- 1 hr 30 min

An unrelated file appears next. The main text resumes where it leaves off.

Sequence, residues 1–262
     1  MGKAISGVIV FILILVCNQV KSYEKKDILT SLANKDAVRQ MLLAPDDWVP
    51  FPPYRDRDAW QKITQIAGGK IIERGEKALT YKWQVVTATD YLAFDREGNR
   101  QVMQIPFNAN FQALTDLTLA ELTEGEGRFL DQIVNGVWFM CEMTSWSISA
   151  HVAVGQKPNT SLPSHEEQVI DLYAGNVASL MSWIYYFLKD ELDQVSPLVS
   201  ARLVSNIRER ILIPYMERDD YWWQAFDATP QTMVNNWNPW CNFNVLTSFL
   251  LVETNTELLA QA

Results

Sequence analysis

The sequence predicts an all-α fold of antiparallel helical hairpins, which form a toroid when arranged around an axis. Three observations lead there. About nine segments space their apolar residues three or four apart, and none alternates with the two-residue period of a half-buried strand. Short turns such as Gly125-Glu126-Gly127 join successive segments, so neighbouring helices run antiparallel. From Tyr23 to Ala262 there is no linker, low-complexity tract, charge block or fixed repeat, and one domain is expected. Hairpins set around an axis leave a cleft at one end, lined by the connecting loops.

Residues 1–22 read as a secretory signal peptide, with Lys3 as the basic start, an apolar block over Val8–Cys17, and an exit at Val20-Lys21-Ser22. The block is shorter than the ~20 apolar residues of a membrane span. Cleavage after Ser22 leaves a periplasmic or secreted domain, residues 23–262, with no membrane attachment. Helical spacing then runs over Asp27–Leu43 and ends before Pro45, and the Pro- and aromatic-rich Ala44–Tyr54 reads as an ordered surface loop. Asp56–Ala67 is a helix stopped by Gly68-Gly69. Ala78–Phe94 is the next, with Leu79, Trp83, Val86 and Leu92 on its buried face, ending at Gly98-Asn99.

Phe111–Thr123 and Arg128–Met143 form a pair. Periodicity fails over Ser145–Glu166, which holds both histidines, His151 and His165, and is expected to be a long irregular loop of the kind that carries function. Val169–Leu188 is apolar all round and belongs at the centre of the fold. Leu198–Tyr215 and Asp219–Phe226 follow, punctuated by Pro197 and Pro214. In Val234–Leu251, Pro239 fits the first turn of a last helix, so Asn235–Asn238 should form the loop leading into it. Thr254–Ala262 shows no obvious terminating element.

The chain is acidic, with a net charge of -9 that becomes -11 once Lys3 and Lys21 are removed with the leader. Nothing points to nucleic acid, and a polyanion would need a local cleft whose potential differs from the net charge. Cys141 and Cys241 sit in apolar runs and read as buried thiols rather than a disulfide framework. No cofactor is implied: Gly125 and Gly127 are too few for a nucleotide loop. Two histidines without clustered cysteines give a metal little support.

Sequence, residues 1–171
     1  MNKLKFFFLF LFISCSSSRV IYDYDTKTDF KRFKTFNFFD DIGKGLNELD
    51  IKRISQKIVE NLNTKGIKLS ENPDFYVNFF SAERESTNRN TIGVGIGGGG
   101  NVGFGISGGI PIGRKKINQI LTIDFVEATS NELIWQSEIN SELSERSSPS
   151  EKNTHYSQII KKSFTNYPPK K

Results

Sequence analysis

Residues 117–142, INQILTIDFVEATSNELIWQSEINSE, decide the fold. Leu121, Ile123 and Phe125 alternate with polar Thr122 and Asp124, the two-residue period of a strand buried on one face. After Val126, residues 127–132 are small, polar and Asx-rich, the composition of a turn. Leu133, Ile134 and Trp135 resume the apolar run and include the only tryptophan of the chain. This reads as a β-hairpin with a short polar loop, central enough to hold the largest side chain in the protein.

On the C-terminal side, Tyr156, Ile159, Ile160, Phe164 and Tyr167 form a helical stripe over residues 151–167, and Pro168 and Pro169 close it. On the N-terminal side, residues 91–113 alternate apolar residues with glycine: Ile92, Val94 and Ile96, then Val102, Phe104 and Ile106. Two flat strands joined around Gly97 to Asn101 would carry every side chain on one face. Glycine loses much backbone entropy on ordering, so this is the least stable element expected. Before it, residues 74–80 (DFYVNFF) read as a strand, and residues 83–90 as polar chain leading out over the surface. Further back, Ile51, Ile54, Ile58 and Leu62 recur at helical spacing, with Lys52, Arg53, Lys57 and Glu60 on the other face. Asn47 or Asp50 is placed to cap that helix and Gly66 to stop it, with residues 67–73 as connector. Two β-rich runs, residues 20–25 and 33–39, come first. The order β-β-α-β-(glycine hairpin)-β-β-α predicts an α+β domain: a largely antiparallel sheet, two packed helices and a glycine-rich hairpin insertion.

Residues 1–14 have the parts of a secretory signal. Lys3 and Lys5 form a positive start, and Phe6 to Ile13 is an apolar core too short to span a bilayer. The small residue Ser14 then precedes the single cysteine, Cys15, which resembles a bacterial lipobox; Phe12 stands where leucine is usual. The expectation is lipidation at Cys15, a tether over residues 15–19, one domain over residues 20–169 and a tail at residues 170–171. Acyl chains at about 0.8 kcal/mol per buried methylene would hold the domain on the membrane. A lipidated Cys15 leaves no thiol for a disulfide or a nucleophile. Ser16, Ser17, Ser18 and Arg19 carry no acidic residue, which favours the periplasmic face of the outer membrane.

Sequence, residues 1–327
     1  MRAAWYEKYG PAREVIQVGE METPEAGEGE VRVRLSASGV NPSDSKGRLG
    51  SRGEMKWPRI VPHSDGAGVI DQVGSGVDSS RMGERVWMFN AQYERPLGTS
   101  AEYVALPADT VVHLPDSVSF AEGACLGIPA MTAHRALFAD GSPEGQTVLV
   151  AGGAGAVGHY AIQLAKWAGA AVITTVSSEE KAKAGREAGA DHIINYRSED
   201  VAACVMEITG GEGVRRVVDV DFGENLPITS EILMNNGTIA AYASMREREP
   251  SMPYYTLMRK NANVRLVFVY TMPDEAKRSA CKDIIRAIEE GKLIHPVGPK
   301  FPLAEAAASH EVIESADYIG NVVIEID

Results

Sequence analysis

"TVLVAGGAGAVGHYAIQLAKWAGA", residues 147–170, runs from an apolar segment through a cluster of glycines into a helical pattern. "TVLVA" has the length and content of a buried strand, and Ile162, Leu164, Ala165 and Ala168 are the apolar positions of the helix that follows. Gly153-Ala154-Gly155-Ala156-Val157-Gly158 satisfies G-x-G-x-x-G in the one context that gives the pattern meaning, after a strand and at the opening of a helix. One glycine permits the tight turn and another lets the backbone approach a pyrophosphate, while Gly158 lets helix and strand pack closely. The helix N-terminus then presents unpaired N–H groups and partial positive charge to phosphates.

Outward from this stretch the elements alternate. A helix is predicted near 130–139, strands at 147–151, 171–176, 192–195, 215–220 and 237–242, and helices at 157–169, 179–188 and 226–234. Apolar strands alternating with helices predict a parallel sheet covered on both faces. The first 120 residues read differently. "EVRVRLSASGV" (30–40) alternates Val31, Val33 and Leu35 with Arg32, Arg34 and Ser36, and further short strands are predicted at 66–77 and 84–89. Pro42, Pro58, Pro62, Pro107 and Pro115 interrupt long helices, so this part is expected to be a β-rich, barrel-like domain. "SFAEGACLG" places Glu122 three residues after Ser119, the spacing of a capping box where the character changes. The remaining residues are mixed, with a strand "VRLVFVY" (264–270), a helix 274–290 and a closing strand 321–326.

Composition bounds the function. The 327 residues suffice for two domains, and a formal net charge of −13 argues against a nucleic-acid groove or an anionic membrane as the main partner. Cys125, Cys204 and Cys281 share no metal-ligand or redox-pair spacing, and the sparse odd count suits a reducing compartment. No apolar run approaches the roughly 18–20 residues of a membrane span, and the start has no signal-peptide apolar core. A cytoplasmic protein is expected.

Yellow is a drama film from 2006, directed by Alfredo De Villa and starring Roselyn Sanchez, Bill Duke, and D.B. Sweeney. The film tells the story of Mary, a young woman who is struggling to cope with the recent death of her father and the strained relationship with her mother. Mary works as a bus driver in the Bronx and spends most of her time alone, dreaming of a better life. The movie begins with Mary driving her bus and trying to cheer up her passengers with a joke. However, her attempts are met with silence, and she is reminded of her loneliness. Mary's life changes when she meets a former firefighter named Amos. Amos is dealing with his own personal demons, having lost his wife and daughter in the 9/11 attacks. Despite their different backgrounds, Mary and Amos form a connection and develop a romantic relationship. However, Mary's mother disapproves of Amos and doesn't want her daughter to get involved with someone who is still struggling to move on from his past. Mary is torn between her feelings for Amos and her loyalty to her mother. Meanwhile, Mary is also dealing with a hostile coworker named Eddie. Eddie is racist and hates Mary because she is Puerto Rican. Mary tries to ignore the harassment, but Eddie's behavior escalates, and she is forced to confront him. The situation becomes violent, and Mary is faced with a difficult decision that could jeopardize her job and her safety. As Mary's personal and professional life becomes more complicated, she starts to question her own values and priorities. She turns to her faith for guidance and carries on despite the challenges she faces. Yellow is a poignant and emotional film that explores themes of loss, love, and identity. The director Alfredo De Villa has crafted a beautiful and nuanced story that will resonate with audiences. The performances by Roselyn Sanchez, Bill Duke, and D.B. Sweeney are exceptional, and they bring depth and authenticity to their characters. Overall, Yellow is a must-see movie for anyone who enjoys thought-provoking dramas. The film tackles sensitive topics with sensitivity and grace, and it will leave you feeling inspired and uplifted.